NSW Premier Dominic Perrottet and Health Minister Brad Hazzard have declared the fourth Ashes Test will go ahead as scheduled in Sydney, with close contact rules set to be eased.
Cricket Australia breathed a sigh of relief on Tuesday when all players from the Australia and England teams returned negative PCR tests to Covid-19.
That put paid to fears of a large outbreak in the England camp, after four non-playing members of their touring party tested positive to the virus.
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However questions were raised about the feasibility of holding the fourth Test in Sydney from January 5 considering the state's close contact rules and the explosion of cases, which surged past 11,000 on Wednesday.
Current rules in NSW state that close contacts of Covid cases must isolate for seven days, which would have been disastrous had a player been deemed a close contact during the Sydney Test.
It had the potential to immediately kill off the Test if several players were deemed close contacts and asked to isolate for a week under previous rules.
However NSW Health revealed on Tuesday that cricketers will simply need to register a negative test to be able to continue playing rather than isolate for seven days - the same rule that applied in Melbourne during the Boxing Day Test.
Hazzard promised that the Test would be able to go on with minimal issues if a player or further support staff contracted the virus.
"The SCG Test is sacred, an important date at the start of the third year of our life with COVID-19," Hazzard said.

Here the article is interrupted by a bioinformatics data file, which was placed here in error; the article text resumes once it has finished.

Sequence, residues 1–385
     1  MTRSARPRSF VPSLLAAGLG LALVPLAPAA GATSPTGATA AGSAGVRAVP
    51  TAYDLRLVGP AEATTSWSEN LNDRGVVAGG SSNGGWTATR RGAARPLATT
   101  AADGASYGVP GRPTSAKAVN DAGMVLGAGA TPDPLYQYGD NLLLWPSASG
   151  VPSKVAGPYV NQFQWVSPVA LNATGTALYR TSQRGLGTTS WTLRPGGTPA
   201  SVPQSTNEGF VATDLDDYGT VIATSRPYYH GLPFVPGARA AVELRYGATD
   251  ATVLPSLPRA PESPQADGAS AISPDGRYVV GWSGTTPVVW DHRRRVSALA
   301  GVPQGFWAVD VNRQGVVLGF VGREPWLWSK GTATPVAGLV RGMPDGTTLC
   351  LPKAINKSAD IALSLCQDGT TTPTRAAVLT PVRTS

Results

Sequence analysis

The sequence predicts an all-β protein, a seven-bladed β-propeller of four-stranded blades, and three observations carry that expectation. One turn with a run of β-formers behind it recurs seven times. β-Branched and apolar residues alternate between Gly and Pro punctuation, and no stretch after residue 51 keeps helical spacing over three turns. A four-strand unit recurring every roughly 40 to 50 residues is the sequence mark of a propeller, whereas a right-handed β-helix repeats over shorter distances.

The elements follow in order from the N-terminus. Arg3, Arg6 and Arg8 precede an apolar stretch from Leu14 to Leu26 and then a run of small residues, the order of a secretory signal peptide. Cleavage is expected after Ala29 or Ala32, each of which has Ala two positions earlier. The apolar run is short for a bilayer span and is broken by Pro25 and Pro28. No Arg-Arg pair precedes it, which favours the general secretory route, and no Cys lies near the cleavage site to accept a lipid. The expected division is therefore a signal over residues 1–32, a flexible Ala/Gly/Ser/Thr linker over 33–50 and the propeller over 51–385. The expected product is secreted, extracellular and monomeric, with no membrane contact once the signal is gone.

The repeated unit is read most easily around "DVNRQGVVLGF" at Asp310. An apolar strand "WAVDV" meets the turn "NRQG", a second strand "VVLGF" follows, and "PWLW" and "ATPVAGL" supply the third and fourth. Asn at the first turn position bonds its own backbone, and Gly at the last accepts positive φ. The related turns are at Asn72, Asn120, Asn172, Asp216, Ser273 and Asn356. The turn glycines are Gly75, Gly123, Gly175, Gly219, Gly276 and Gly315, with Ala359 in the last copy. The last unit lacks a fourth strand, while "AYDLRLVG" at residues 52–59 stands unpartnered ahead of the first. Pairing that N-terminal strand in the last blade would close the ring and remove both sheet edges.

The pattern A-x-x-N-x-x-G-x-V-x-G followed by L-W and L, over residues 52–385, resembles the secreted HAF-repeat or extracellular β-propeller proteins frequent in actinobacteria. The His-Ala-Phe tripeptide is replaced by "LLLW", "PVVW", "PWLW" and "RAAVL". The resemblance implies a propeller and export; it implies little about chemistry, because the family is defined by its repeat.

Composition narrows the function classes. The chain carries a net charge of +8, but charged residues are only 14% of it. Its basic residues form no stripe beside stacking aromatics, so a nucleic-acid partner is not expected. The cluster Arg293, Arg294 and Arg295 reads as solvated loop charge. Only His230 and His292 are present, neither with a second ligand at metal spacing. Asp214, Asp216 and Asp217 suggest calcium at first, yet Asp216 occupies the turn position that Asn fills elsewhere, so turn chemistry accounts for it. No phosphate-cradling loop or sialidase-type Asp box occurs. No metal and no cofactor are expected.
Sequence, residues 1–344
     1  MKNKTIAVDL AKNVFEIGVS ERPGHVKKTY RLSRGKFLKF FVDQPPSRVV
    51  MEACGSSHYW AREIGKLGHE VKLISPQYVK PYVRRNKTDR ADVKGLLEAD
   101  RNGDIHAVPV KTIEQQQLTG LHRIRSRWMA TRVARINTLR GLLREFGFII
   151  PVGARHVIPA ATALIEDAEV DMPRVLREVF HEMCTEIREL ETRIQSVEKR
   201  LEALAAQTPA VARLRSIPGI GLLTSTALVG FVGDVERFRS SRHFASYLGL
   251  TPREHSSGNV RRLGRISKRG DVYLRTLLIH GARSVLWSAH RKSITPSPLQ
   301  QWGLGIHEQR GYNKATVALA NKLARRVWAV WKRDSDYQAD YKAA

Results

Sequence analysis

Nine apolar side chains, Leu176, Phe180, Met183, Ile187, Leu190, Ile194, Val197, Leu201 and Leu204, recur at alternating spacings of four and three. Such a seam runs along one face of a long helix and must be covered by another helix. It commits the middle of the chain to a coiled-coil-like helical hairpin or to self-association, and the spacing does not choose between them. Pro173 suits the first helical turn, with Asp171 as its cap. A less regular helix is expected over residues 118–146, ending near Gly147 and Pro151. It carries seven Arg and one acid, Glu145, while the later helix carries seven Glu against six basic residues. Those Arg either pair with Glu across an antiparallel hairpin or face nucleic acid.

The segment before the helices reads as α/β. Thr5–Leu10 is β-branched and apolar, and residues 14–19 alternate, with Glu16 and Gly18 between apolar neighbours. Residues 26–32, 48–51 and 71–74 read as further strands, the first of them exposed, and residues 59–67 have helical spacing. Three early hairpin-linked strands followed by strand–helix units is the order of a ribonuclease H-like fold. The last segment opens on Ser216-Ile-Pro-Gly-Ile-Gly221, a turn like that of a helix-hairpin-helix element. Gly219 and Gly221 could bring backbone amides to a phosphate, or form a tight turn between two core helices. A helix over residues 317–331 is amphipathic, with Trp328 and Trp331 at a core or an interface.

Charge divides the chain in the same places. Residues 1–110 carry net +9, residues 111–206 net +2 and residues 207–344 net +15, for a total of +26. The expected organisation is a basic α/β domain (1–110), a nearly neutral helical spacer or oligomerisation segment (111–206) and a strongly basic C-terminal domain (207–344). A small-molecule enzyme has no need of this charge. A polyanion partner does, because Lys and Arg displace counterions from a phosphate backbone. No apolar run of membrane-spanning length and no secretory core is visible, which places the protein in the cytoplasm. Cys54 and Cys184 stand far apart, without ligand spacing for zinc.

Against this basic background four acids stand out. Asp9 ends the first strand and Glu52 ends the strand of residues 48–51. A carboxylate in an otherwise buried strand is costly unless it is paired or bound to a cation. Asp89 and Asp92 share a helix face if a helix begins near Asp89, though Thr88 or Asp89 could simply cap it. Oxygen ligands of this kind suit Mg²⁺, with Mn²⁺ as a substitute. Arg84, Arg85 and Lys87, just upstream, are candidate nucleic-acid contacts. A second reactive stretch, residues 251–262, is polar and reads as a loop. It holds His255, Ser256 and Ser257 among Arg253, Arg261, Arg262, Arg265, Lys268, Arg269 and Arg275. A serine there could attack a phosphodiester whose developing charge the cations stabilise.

"I want to assure the cricket loving public, under our rules any players with exposure to a known case of Covid-19 would be asked to test and isolate only until a negative result was received.
"If there are any cases within the teams, their support staff, or families, we will work with the people involved to ensure they are safe, and there is as little disruption to others as possible."
Premier Perrottet then doubled down, adamant NSW would not lose its New Years' match after it was also salvaged last summer amid the Northern Beaches outbreak.
"Any speculation the Sydney Test match is not going ahead is completely untrue," Perrottet said.
"The Sydney Test is a highlight on our state's calendar, it is happening ... no questions asked."
Cricket Australia rejects calls to move fourth Ashes Test
On Tuesday, Cricket Australia boss Nick Hockley rejected calls to move the fourth Test away from Sydney.
"We just need to remain calm and get the facts," Hockley said.
"Everyone needs to follow the medical advice. On that basis, we keep going.
"We've been working on the plans for this tour for over six months.
"Our protocols are designed for absolutely this set of events. We've got strong protocols. We've got very comprehensive testing regimes."
Cricket Australia is also confident it can work with the Tasmanian government to ensure the fifth Test in Hobart goes ahead as planned.
Tasmania has had minimal cases of the virus and the threat of players and broadcasters becoming close contacts in Sydney could be an issue.
However Tasmania's willingness to host a first Ashes Test is key, after the state government funded a $4 million bid to secure the match when it was shifted away from Perth.
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